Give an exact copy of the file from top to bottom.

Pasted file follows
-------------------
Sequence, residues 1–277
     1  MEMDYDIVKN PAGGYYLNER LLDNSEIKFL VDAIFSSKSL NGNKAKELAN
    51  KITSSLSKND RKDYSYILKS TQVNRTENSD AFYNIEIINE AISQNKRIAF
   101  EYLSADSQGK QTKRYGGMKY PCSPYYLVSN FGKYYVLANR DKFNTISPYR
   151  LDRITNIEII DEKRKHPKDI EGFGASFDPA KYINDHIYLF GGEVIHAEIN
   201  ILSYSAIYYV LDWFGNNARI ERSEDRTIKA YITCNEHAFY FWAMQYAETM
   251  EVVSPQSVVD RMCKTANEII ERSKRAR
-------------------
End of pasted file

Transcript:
Sequence, residues 1–277
     1  MEMDYDIVKN PAGGYYLNER LLDNSEIKFL VDAIFSSKSL NGNKAKELAN
    51  KITSSLSKND RKDYSYILKS TQVNRTENSD AFYNIEIINE AISQNKRIAF
   101  EYLSADSQGK QTKRYGGMKY PCSPYYLVSN FGKYYVLANR DKFNTISPYR
   151  LDRITNIEII DEKRKHPKDI EGFGASFDPA KYINDHIYLF GGEVIHAEIN
   201  ILSYSAIYYV LDWFGNNARI ERSEDRTIKA YITCNEHAFY FWAMQYAETM
   251  EVVSPQSVVD RMCKTANEII ERSKRAR